It occurred to me as I was reading my own Out There article last month in printed form that, as a writer for a column on primitive skills, I should probably start with explaining what the heck primitive skills are and why we would should care.
Primitive skills range from foraging to tool making to animal preservation. Primitive skills could be synonymous with ancestral skills, earth-based skills, re-wilding, stone-age skills, and bushcraft. But there are subtle differences in these definitions.
Diving into the realm defining these differences was of great discussion at the Global Bushcraft Symposium in 2019. Lisa Fenton, a professor at Cumbria University in the UK, wrote a wonderfully insightful dissertation on this topic. Her definitions were widely accepted, and she received a standing ovation by Bushcraft professionals around the world. Her keynote speech paved the way forward for future communications and collaborations worldwide.
Primitive technology is a better noun, as primitive can be viewed as derogatory related to the peoples who used the skill. (It’s the technology that’s primitive, not the people.) Skills refers to how to make tools from natural materials that you would then use to live off the land. This is the content. The context would be how you apply these skills. Are you trying to survive out in the wilderness in an emergency? Or do you want to show off your friction fire making skills as your new party trick?
No matter your motive, there are a few reasons you should care about primitive skills. For one, it gets us off our screens and outside. Yes, you can watch YouTube videos on how to do a skill. However, you can’t really learn the skill unless you experience it yourself. We call this “getting your dirt time in.” Having your bare feet on the ground and your skin exposed to the elements is grounding and creates connection to the natural environment around you.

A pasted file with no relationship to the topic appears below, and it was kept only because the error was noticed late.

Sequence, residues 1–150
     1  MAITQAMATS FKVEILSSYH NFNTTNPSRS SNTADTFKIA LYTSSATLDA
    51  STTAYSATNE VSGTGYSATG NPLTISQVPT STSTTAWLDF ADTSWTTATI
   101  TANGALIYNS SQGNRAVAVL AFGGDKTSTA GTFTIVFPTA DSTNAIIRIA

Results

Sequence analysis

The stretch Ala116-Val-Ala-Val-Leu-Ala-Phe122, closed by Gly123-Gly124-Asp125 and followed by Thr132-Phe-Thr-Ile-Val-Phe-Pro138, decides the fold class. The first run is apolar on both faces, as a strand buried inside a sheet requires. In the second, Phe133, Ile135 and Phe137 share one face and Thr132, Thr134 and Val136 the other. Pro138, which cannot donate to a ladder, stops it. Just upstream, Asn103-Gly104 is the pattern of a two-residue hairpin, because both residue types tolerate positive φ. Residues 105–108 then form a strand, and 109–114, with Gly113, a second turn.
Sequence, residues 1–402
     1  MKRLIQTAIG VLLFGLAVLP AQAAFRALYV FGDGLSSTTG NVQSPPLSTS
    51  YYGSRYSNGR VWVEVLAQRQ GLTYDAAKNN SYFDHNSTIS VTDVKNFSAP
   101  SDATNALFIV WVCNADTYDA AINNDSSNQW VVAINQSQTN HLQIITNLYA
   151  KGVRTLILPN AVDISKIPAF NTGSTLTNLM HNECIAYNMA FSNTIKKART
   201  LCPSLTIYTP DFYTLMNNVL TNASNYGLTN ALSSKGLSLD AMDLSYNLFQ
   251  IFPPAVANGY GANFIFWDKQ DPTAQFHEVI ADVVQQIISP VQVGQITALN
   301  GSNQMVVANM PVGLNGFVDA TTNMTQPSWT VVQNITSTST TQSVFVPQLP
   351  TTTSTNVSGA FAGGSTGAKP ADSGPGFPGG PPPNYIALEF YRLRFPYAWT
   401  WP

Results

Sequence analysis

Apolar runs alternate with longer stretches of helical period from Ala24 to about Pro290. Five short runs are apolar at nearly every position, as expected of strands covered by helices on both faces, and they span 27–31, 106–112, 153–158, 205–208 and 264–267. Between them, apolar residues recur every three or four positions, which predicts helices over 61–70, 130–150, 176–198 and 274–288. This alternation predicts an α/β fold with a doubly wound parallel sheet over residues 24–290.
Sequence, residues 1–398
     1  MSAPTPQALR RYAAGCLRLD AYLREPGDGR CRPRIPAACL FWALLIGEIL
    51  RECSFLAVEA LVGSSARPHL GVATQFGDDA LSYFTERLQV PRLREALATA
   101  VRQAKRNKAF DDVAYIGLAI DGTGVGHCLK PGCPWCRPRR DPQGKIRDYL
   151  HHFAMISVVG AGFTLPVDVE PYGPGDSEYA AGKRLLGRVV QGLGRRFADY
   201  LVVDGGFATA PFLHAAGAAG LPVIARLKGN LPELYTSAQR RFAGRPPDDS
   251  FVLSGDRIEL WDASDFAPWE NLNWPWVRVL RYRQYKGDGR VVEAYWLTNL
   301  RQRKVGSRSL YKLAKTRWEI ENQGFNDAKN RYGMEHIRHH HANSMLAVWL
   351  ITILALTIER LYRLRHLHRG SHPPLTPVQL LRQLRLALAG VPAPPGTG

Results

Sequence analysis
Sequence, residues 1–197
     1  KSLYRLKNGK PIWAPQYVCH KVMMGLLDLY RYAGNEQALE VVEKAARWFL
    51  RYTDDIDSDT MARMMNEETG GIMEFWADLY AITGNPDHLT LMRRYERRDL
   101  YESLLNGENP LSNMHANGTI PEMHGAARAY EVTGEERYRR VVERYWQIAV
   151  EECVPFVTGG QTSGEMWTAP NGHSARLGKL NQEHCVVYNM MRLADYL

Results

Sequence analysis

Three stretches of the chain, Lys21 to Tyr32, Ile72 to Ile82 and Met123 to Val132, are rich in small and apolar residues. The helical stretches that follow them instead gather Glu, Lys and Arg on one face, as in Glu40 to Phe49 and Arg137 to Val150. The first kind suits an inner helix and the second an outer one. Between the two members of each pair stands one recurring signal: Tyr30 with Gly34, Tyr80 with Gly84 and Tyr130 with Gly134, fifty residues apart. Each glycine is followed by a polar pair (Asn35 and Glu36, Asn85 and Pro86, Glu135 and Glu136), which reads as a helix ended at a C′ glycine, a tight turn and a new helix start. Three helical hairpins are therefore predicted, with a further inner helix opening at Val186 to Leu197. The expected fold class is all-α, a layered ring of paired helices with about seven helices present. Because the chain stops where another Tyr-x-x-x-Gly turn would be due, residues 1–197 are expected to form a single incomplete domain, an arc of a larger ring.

There is something profound about primitive skills that resonates deep within us. Have you ever noticed when you’re picking huckleberries, you find yourself full of joy and excitement, and sometimes you just can’t quit? It brings up this primordial force within us. This force is a survival instinct that we all have and is buried and deemed unnecessary as modern convenience has taken over daily life. Connecting to this primal force is our birthright and stems from our hunter-gatherer ancestors. It is recorded in our DNA.
In the words of the late primitive studies expert Steve Watts, “Primitive Technology is our inheritance . . . it is a world heritage that knows no race, creed or color. It is foreign to no one. It is the shared thread that links us to our prehistory and binds us together as human beings.”
Brain tanning is just one of these skills that hits me in that deep way. Brain tanning is the art of making buckskin out of a hide using the brains of an animal. Today there is a resurgence of rewilding, where folks are making fashionable clothing made of buckskin. Rewilding is a form of remembering how our ancestors lived and applying it to modern times.
No matter which genre of bushcraft, the importance is that the knowledge and skills of our collective ancestry will live on if we are practicing and passing them down for generations to come. //
Karie Lee Knoke is a primitive wilderness skills instructor and founder of Sacred Cedars Wilderness School in Sandpoint, Idaho. She was a contestant on the reality survival TV show, Alone Season 9, on the History Channel and Netflix. Find more info at www.karieleeknoke.com or follow her on Facebook @SacredCedarsWildernessSchool or Instagram @karie_lee_knoke.